These new realities, in addition to the fatigue of the American society after the two longest wars in the nation’s history, sparked by Washington in Afghanistan and Iraq, are objectively forcing US authorities into a gradual military and political exit from the region. This is why Donald Trump periodically makes statements about withdrawing troops from Iraq, Afghanistan, and Syria. But in reality, the US does not intend to leave the region, since this is not part of their neocolonial plans to take over such resource-rich countries. This was confirmed, among other things, by Mark Esper, Secretary of Defense, in his speech in March, when although the topic was Syria, he couldn’t help but lay out Washington’s regional tactics. In particular, he threatened that US troops located in the area of oil fields will use military force against any party that wants to question US control over these fields.

In addition to all this, as noted by the American Arabic-language satellite TV channel Al-Hurra over the past 40 years, the relations of the United States with its four mainstays in the Middle East (Egypt, Saudi Arabia, Turkey, and Israel) have changed, as well as the attitude of the American people and their representatives in Congress. This channel stresses that perhaps the most striking paradox in this regard is that the list of figures President Trump has established “personal friendships” with (Crown Prince of Saudi Arabia Mohammed bin Salman, the President of Egypt Abdel Fattah al-Sisi, Turkish President Recep Tayyip Erdogan and Prime Minister Benjamin Netanyahu), are accused of corruption, authoritarianism, abuse of power, intimidation or even murdering their opponents. As a result, the image of these four States in the eyes of Americans has been damaged, and they no longer enjoy the trust and support of American lawmakers or those who influence public opinion. As for Israel and its policies in the occupied territories, these aspects are increasingly criticized by Democratic leaders and members of Congress, and the Netanyahu Government is criticized even by American Jews.

Long-term US intervention is making the situation in the Middle East more and more complicated and tense. Constant wars leave many people homeless and play right into the hands of numerous terrorist groups. The number of Middle Eastern refugees is skyrocketing due to the military actions. By violating numerous international agreements, the United States is breaking not only their nuclear agreement with Iran, but is also violating international laws by seizing Syria without UN Security Council sanctions and maintaining its military presence in other countries.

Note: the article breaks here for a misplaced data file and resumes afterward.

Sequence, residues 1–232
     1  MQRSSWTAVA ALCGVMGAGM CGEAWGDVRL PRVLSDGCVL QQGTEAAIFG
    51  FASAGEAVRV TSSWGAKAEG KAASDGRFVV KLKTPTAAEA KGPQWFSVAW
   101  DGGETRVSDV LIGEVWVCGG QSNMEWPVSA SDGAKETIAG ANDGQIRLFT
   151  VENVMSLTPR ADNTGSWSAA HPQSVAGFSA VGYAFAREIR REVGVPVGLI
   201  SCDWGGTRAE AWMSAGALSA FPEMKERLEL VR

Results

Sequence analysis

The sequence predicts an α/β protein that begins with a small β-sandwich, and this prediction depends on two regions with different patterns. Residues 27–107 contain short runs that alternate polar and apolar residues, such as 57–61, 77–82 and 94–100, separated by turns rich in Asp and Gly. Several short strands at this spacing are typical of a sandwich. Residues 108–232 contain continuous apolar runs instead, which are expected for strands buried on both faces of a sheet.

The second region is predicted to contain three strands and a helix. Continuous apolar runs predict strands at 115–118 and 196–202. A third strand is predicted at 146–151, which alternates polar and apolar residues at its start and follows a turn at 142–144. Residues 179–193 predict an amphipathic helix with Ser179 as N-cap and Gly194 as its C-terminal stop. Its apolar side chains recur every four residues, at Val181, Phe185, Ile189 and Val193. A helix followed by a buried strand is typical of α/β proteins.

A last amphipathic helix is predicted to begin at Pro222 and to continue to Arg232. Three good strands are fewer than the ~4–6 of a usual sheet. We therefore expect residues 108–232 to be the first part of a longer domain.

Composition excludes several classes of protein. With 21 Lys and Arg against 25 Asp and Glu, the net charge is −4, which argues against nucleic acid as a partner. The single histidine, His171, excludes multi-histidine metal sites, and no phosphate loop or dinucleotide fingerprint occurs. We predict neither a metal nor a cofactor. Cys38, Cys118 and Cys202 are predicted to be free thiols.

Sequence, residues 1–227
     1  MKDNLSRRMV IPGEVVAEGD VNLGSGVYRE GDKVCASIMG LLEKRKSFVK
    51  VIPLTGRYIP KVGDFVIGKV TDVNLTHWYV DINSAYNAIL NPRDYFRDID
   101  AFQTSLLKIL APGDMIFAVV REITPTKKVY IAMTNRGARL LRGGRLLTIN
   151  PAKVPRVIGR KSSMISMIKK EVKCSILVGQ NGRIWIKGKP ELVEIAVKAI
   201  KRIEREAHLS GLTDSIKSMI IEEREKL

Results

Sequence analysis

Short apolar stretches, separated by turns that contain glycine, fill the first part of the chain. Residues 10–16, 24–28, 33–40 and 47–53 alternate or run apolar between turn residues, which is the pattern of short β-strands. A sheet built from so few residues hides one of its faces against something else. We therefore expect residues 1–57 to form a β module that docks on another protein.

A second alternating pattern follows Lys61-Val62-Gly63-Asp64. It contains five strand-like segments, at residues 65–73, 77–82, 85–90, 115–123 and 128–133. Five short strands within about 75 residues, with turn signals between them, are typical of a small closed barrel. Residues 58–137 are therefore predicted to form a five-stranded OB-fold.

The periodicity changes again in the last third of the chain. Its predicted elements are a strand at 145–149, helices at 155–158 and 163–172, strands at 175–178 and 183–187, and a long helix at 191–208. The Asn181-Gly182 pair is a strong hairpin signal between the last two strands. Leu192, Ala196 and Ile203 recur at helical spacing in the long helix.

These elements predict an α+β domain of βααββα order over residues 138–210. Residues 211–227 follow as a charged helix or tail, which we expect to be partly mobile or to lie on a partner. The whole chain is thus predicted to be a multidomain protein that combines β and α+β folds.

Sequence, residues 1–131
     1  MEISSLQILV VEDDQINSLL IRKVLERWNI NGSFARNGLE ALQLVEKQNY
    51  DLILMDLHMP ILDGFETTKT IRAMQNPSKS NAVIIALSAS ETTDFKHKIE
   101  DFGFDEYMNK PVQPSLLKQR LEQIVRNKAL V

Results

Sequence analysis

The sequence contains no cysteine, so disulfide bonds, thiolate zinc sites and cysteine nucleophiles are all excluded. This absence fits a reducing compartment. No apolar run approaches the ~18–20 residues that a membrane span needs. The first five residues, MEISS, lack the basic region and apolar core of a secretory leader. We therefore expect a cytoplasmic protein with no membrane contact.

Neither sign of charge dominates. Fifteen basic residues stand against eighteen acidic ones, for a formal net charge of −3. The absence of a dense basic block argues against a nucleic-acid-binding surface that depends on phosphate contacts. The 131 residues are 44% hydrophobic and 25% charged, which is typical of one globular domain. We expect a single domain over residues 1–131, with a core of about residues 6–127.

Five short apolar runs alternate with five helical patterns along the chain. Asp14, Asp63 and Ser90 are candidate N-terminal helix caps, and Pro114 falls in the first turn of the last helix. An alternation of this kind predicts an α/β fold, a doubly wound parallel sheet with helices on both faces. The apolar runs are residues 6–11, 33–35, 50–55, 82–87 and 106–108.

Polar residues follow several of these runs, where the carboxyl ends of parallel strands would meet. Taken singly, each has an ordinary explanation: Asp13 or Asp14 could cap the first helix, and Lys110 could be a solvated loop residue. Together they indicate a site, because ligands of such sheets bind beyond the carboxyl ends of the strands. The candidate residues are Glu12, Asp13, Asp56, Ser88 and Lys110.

All this points to the collapse of US policy in the Middle East, its transformation into a state incapable of negotiations, harboring the sole purpose of bringing the world to its knees with military force. This is why the influence of Russia, China, and even Iran, so hated by the US and Israel, is growing in the region, and America’s former allies have begun to seriously rethink their further dependence on Washington. In Iraq, Syria, Afghanistan and many other countries, American intervention has planted not only anti-American sentiment, but also outspoken statements against the US occupation.

Thought-provoking articles in The Wall Street Journal and Foreign Affairs Magazine state that the US has few necessary interests left in the region. The US State Department has also become aware of reduced influence in the Middle East, which, in particular, was voiced in a recent speech by US Assistant Secretary of State for Near Eastern Affairs, David Schenker, on a video seminar at the Washington Institute for Near East Policy. However, as always in cases regarding the US, he did not see the root cause of Washington’s bleak situation, i.e. aggressive US policies in the Middle East, straying far from accepted diplomatic language, suggesting that Russia get out of the Middle East.

But as of today, the whole world is already openly saying that the United States should get out of the Middle East, before a regional wave of protest in Syria, Iraq, Afghanistan, Libya, Yemen and many other countries forces them to leave the region.

Vladimir Platov, Middle East expert, exclusively for the online magazine “New Eastern Outlook”.